I suspect it’s not really to do with funding: it’s not as though CERN is short of the occasional corporate sponsor who’s willing to throw a few thousand Francs their way (if you’ve seen how many watch manufacturers and private banks there are in that city). It just seems that CERN has a lack of awareness of what it needs to do not only to help people understand what it does, but also to secure its future.

Branding Geekery
As a little post script, an anecdote about branding. I picked up some leaflets, and a few souvenirs at the shop (you can never have too many lanyards. Or branded safety helmets).
There are a few experiments that are attached to the LHC accelerator, such as Alice, Atlas, and LHCb. These are, if I may be crude, sort-of clamped onto the LHC tunnel and they record in various ways what happens when particles hit eachother.
Reading the flyers about each of the experiments, I notice that there’s not one CERN logo, not even a mention of the host institution. Even though its what they require to exist. It looks to me like there isn’t a coordinated effort to even think about how the public perceive what the LHC does as a whole.

Don’t Bank On It

Take my advice – never use a Chinese bank.

Why? Two main reasons, really. One, paying-in slips are the devil incarnate. Two, never cross a surly bank teller ten minutes before lunchtime.

Our story starts with the hero (yours truly, naturally) wanting to pay a deposit to the travel agent in Beijing for an upcoming adventure (more of which you will hear in August, if I ever make it back in one piece). This involves taking several thousand of the currency to a local branch of their bank and paying in there. Bearing in mind the largest note is 100 Yuan, this is quite the wodge of cash.

“That’ll be the easy way,” thought I.

Form number one

Rather handily, there was a greeter at the door who helpfully wrote the payee’s name in Chinese on the deposit slip and pointed me to the counter. This was the last time I smiled. Possibly ever.

This is where I meet The Happiest Bank Clerk in the World.

First off, the way I’d written the number “8” looked “wrong”.

Tear it up. New form.

Form number two

I fill everything out again; sticking my tongue out the side of my mouth to aid concentration, I produce the finest lettering I’ve created since I was six years old and trying desperately to impress my junior school teacher with how nicely my handwriting has improved.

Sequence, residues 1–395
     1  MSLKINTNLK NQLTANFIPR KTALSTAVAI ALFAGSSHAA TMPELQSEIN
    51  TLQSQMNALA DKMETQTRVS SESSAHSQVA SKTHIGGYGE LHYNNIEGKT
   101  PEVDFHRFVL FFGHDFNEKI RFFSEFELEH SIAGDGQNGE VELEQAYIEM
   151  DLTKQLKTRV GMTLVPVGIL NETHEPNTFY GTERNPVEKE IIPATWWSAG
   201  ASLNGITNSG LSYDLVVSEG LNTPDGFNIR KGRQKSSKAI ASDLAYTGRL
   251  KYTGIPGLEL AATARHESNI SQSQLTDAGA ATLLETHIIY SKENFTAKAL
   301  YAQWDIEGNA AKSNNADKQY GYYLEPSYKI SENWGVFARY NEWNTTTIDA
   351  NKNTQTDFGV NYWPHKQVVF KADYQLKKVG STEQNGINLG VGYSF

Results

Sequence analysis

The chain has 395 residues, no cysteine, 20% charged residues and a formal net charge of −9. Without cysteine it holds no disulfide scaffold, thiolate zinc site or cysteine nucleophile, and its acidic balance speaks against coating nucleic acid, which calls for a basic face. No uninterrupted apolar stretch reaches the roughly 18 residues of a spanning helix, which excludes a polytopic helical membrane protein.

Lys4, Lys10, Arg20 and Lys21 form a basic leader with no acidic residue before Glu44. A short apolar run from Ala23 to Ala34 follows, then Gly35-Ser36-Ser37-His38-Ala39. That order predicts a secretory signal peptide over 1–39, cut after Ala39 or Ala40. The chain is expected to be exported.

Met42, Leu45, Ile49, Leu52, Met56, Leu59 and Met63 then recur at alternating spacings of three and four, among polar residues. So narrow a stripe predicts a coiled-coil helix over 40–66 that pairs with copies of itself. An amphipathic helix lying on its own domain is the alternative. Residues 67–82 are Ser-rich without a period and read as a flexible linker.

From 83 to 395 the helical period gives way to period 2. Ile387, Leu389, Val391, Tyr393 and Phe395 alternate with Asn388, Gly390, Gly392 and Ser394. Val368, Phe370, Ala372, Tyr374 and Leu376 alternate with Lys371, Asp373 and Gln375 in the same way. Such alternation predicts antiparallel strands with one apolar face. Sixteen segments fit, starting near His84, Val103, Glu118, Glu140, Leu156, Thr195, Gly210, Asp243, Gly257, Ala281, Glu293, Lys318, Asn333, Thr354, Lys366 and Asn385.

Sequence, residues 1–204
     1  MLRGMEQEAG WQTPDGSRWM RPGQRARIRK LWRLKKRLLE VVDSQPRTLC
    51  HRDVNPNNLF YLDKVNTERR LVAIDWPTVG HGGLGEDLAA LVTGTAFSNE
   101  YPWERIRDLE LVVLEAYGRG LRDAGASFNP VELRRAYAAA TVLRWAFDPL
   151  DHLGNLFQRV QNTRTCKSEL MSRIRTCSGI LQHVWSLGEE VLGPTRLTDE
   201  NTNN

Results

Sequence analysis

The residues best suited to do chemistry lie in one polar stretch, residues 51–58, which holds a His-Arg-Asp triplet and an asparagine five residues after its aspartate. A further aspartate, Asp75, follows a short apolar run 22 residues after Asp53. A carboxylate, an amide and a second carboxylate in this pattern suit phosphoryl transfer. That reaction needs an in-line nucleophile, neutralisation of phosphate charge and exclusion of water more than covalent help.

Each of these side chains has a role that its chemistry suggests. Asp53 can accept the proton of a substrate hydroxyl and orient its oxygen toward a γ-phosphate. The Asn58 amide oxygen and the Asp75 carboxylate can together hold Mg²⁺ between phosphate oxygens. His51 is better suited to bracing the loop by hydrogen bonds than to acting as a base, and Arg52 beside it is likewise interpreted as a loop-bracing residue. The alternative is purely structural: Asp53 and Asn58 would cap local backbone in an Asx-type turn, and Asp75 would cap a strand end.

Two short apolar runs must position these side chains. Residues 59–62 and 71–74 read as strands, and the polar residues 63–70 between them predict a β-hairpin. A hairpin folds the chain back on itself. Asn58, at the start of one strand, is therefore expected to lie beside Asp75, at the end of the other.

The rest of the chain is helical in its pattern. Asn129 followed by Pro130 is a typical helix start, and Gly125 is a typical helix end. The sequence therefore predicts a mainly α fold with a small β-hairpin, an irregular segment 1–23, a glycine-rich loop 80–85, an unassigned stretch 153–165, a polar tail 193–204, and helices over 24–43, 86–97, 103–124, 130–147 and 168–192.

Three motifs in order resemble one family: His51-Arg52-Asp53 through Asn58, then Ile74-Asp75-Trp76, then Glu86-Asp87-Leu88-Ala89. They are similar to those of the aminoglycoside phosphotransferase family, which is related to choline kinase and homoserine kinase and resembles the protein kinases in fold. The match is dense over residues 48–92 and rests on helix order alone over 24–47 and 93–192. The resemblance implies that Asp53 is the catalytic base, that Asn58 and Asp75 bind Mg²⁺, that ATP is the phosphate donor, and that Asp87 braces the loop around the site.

I ask: “Is pinyin* OK for the name?”. “Yes,” came the somewhat distracted reply.

I write. I wait. I hope.

Bank teller thrusts it back with a look that plainly says, “What sort of moron is this that doesn’t know how to use a pen?“.

“No, pinyin’s not allowed. Write her name in Chinese.” Tear it up. New form.

Form number three

Thankfully I’d printed out the company director’s name in Chinese beforehand, so, v e r y   v e r y   v e r y   c a r e f u l l y, I copy out the name in front of the increasingly-impatient-looking-ice-queen-from-hell.

She counts it out several times and then, “OK, good, that’s everything. I just need 40 Yuan from you”.


Rage levels increasing.

“Because the account’s not at this branch”.

I begrudgingly shove the cash under the window and get up to leave.

“If you could just press the green button in front of you before you go?”

I do so, but just as my digit is fully depressing the key, I realise that it’s the rough equivalent of a How’s my driving sign, and I’ve just given the sour old goat a 100% rating for her customer service.

And I thought Germany was bad.


*pinyin is the system for using Latin characters to write Chinese words, so that language learners can get to grips with pronunciation without having to spend a decade learning tens of thousands of characters beforehand.

Unfortunately, pinyin is somewhat deficient in that it doesn’t distinguish particularly well between certain vowel sounds. Also a lot of road signs etc don’t use the tonal system so it’s quite difficult to know how to pronounce if you get lost and need to ask the way!

100% Guaranteed Original Quality

I’m not completely convinced that this DVD I found at a market stall in China is legit.

Click for bigger, and check out the blurb









Oh, and check out the blurb on this Iron Lady / Tomb Raider crossover:

Click for bigger to read the blurb on the left. You know what? It almost makes sense.